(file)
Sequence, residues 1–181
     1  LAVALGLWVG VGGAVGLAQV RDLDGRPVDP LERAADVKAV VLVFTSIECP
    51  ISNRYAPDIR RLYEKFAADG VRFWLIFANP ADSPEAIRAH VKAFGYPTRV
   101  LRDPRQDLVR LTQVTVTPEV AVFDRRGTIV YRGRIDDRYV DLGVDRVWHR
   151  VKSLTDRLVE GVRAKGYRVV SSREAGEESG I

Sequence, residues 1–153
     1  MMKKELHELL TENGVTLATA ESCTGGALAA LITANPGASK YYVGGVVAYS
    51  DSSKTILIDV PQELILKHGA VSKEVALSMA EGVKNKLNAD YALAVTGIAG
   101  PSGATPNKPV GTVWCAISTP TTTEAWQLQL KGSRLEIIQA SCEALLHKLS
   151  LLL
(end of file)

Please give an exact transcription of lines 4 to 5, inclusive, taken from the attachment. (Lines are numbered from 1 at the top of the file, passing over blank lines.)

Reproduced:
   101  LRDPRQDLVR LTQVTVTPEV AVFDRRGTIV YRGRIDDRYV DLGVDRVWHR
   151  VKSLTDRLVE GVRAKGYRVV SSREAGEESG I